Top 10 Pieces of Advice for People Graduating with Music Degrees

Ryan Adamsons


1. Say yes until you have to say no. 

When freelancing, if you are offered an opportunity don’t worry about if it’s the “right” gig before you’ve ever done it. Some of my favorite and best compensated work has come from things I would never have guessed I’d enjoy or be good at, and if you hate it or the compensation becomes not worth the work you can always move on.


2. Never feel bad for making a living. 

If something pays your bills and you enjoy it, don’t worry about how other people view it.


3. Don't worry about what your degree says, worry about what you want to do. 

Degrees are based on a curriculum of what you should learn, not on what you should or could do with that learning. My degrees are in Brass Performance, Jazz Studies, and Jazz Composition; I work as a Studio Advisor for Denis Wick, teach drum corps, do various logistics work for jazz non-profits including JEN and the Chicago Jazz Orchestra Association, all while still playing and writing. I use things I learned while getting my degrees on a daily basis, but what I actually “do” is only loosely related to the title of those degrees.


4. Be proactive. 

If you ever find yourself waiting for something to happen, use that time to make something happen. Even if you don’t succeed, the act of trying will lead you somewhere and people will notice.


5. If you're not sure what to do, do something you've always wanted to do but never had the time. 

When I was in graduate school, I started my own 12 piece band to play and workshop my music. I have never personally made money directly from that band, but it got me more experience and connections than any other single thing I’ve done as an individual to say nothing of some of the best musical experiences of my life. At this point in my career I don’t even have time to keep the band going with any regularity let alone start from scratch, and part of that is due to opportunities I gained from the process.


6. Don't be afraid of a portfolio career. 

A portfolio career is a fancy term for working several smaller jobs rather than one single job.  While this can feel scary and does require a lot of time management, it can let you develop multiple skills simultaneously and find out about more opportunities than you would otherwise be aware of or ready for. Additionally, most musicians do this whether they are conscious of it or not so thinking in these terms helps you plan ahead.


7. Have a plan, and be willing to throw it out.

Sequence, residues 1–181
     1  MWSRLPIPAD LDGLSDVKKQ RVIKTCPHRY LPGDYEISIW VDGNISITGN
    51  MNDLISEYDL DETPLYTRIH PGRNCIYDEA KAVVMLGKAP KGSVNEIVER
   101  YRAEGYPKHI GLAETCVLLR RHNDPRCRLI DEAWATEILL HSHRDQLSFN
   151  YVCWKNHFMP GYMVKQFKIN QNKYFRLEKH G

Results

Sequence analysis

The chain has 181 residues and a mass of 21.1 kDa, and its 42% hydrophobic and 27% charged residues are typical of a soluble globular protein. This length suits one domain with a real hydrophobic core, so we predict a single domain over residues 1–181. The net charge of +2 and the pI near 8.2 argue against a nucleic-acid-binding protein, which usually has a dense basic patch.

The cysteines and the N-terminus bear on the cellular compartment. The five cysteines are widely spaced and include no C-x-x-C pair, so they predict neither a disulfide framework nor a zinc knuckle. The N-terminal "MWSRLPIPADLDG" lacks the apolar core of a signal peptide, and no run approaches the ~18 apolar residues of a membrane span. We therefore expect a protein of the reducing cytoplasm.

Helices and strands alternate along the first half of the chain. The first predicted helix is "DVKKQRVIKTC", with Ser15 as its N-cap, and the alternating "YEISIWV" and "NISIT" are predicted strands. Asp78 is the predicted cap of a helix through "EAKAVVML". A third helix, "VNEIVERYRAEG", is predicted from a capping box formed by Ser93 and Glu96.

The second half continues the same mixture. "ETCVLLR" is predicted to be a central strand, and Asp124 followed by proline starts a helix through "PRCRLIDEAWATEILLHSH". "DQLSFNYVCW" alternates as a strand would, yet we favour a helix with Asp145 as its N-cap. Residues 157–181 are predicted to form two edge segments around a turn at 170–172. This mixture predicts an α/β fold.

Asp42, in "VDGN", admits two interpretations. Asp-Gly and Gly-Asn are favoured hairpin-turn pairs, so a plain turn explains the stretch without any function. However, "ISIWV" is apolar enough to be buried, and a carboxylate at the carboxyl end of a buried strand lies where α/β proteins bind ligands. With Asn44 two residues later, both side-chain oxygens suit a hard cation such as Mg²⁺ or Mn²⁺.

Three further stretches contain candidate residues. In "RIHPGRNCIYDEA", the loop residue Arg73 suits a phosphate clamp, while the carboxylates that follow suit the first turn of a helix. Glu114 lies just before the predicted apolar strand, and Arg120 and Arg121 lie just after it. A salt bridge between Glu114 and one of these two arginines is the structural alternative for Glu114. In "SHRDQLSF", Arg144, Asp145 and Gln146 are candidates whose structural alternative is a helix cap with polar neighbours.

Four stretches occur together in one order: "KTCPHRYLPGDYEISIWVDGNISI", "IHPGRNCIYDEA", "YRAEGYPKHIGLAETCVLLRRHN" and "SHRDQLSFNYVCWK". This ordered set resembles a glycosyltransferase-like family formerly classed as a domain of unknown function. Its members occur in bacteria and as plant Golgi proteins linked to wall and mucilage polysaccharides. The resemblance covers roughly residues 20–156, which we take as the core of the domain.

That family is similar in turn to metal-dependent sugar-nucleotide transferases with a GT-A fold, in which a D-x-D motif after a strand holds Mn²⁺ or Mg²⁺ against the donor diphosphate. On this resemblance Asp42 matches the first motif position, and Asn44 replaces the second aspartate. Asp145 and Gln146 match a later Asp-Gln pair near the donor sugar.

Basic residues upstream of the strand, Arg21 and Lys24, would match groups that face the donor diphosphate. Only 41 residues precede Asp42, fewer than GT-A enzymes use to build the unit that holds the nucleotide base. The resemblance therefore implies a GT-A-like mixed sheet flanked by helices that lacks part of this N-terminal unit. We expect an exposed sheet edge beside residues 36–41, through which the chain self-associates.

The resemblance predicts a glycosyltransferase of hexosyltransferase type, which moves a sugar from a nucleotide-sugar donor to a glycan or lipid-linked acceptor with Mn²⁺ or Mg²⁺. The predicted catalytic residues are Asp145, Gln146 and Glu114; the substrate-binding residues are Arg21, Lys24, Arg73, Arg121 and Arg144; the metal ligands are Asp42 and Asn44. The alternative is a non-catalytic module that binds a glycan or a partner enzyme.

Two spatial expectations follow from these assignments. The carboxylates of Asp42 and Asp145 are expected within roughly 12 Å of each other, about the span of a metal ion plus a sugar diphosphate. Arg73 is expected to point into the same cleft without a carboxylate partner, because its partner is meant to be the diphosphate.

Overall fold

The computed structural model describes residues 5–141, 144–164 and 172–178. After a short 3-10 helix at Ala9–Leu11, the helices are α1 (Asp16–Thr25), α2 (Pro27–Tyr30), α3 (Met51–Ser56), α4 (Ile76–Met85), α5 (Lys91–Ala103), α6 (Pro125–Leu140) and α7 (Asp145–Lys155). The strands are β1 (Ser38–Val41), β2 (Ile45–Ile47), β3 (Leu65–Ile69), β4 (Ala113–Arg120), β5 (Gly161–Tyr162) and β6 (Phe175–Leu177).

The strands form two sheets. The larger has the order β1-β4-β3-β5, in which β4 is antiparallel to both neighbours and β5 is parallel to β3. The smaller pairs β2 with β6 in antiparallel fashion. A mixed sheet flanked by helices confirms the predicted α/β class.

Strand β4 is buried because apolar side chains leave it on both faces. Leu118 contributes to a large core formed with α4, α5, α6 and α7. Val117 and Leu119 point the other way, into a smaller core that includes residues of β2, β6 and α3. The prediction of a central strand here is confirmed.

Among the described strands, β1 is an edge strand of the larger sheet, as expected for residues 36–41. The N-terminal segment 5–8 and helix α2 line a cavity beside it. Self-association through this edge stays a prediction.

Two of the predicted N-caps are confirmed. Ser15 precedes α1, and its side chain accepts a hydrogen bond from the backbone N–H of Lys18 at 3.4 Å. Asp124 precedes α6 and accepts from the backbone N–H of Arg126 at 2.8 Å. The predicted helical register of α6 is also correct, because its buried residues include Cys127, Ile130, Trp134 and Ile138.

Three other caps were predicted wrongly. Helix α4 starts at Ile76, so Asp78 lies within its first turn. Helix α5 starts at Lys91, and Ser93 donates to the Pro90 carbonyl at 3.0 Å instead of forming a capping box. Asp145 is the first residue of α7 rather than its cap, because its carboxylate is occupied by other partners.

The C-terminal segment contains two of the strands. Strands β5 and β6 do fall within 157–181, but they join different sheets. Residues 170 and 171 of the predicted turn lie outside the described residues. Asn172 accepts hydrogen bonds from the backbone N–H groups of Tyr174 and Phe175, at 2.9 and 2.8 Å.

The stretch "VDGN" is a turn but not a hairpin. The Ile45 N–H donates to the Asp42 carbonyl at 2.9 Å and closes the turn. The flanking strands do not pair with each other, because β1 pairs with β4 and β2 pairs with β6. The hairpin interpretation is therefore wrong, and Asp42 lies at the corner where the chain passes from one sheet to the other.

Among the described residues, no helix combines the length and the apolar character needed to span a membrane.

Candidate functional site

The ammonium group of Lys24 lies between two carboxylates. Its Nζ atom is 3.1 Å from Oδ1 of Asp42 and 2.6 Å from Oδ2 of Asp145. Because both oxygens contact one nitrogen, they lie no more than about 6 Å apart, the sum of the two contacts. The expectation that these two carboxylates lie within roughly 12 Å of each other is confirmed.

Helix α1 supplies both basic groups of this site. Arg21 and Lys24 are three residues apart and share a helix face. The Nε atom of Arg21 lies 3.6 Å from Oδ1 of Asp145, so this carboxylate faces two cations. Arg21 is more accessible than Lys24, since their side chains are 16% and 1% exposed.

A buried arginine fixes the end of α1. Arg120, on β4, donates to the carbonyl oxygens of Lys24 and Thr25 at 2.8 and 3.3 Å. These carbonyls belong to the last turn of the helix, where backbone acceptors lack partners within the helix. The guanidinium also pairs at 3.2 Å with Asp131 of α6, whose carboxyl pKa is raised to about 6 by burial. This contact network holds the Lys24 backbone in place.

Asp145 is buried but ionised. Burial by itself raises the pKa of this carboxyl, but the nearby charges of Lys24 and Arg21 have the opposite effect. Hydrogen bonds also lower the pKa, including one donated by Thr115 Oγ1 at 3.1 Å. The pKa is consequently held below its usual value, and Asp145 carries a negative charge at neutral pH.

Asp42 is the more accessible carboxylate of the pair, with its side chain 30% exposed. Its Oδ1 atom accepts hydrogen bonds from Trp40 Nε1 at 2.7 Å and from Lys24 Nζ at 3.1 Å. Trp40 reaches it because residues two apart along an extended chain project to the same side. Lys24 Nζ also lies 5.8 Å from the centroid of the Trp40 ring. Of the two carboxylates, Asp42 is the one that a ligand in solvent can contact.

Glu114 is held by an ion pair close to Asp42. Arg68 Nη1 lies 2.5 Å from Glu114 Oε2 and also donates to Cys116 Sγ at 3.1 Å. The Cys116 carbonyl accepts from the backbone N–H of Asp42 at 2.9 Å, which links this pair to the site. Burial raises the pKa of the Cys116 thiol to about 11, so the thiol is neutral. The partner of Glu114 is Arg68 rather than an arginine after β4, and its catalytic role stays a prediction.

It is important to have a short and long term plan for what you want to achieve, and to work towards a specific detailed goal. It is at least as important to be willing to completely change that plan to include new opportunities, adapt to your environment, and incorporate what you learn about yourself and your career.


8. Be professional. 

This is hopefully obvious but also rarely understood in specific terms, and to me comes down to acting the way you want to be perceived. Be polite, show up on time, communicate effectively and in a timely manner, dress appropriately for the situation, etc., and do so especially when you don’t feel like it. While you don’t have to create a “persona,” it is increasingly important to be aware that social media is always a professional situation whether you want it to be or not.


9. Feed your resilience. 

Life is hard. Find the things that help you bounce back from disappointment and failure, incorporate them in your life on a regular basis, and have them ready to go when life happens.  They are the sugar that turn lemons into lemonade.


10. "Making it" can look drastically different from the inside and outside. 

I distinctly recall the moment when I realized that my younger self would think my present self had “made it” and achieved all these amazing goals that clearly added up to success. While that obviously felt good, the reality was and continues to be that from the perspective of the present I don’t feel like I’ve “made it” because it’s not a gate to pass through or a plateau to stay on. Calling it a constant struggle sounds too negative and dramatic, so instead think of it as a constant journey; there are signposts to let you know where you are and where you need to go, rest stops and difficult stretches along the way, and the destination by definition is always in the distance. There will always be achievements and things yet to be accomplished, but “making it” tends to be about finding joy in the journey. 

First Name:
Last Name:
Email:

Join the conversation